The recent budget deal and struggles in negotiations over the national debt have handed lawmakers yet another requirement to further slash federal spending, and healthcare price controls are one of the plans being considered to help achieve that goal; forcing seniors to have to pay more for their necessary medications.
These Medicare Part D program prescription drug price controls aren’t a new idea, but they have been brought back into the spotlight by Rep. Henry Waxman (D-Calif) and Sen. Jay Rockefeller (D-W.Va.), who are the most recent to advocate the initiative.
Though price controls for medications may seem like a strategy that will allow the government to save a tremendous amount of money on prescription drugs, it will, unfortunately, shift the expense onto the individuals who require the medicines in the first place. The largest group of prescription drug users are, of course, senior citizens who will therefore need to pay more to maintain their health or – much worse – will not be able to afford their vital medicines.
Since 2003, many lawmakers have been expressing concerns that pharmaceutical companies are taking advantage of the Medicare Part D program, while senior citizens are simultaneously forced to choose between being able to buy their prescription drugs or being able to afford other basic necessities such as food.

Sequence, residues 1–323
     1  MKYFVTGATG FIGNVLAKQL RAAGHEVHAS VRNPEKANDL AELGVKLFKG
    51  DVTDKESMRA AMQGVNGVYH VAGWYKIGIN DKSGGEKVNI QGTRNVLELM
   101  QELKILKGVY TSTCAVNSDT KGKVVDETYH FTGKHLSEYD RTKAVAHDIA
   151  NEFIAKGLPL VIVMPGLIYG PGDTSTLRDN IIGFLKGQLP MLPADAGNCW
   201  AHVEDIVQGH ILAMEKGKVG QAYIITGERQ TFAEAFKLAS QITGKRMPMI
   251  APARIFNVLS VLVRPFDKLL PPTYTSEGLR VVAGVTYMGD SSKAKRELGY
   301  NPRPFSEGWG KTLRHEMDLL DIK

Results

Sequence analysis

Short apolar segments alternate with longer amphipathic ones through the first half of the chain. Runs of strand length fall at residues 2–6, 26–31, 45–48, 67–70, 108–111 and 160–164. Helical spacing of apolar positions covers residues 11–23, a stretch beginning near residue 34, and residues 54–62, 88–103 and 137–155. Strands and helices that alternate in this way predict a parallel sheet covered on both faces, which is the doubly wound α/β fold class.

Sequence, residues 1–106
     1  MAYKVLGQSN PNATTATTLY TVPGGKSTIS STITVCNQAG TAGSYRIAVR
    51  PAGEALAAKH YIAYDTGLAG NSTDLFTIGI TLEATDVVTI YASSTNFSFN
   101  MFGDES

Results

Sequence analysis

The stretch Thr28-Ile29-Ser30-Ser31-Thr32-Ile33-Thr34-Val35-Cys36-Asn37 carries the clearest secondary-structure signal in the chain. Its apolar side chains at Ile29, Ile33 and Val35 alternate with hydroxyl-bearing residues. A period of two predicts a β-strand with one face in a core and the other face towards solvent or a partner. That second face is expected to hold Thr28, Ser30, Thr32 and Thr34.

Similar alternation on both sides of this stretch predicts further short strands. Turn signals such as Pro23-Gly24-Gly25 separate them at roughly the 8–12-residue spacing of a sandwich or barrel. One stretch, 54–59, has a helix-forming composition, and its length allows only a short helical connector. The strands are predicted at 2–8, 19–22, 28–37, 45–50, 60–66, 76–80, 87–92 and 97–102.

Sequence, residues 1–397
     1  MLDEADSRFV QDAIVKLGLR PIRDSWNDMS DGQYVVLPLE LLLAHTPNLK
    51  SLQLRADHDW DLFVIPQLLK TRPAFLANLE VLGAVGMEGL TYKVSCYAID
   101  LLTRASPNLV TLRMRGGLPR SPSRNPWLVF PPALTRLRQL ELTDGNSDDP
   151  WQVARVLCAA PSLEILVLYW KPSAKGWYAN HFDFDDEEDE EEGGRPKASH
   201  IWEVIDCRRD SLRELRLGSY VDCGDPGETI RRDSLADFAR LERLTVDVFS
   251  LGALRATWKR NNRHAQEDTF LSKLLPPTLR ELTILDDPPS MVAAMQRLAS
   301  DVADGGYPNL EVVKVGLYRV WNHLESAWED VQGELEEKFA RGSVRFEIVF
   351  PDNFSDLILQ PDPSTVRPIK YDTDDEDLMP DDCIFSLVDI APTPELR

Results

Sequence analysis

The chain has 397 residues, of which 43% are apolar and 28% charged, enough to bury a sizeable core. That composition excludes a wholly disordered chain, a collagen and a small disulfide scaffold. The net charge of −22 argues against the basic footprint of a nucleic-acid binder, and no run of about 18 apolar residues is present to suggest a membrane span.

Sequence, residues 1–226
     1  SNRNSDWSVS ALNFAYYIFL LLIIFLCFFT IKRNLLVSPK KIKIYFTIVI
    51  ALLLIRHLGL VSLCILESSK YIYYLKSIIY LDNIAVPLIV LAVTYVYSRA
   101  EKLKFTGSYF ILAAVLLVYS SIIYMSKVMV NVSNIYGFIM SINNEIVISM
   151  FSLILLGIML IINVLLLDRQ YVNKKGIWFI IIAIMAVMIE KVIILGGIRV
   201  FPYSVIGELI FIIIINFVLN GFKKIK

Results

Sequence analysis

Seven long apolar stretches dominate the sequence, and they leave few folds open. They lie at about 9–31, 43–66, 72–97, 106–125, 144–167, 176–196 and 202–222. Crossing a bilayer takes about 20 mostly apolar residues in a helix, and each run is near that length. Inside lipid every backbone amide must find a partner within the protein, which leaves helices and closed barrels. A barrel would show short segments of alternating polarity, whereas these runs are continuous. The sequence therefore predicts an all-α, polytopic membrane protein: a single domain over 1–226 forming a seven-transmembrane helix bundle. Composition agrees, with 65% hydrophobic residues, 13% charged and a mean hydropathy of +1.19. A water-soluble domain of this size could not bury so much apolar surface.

In April 2007, Senator Amy Klobuchar (D-Minn.) protested that “Congress has allowed the drug companies to charge excessive prices.”
Regardless of the fact that the cost of Part D is approximately 40 percent less than the original predictions of the Congressional Budget Office (CBO), and that the plans for Part D have brought about discounts of 20 to 30 percent for brand name prescription drugs – which have led to the ability to lower premiums for beneficiaries – critics of the program still wish to lower the expense of the program. As a result, coverage will require seniors to pay more.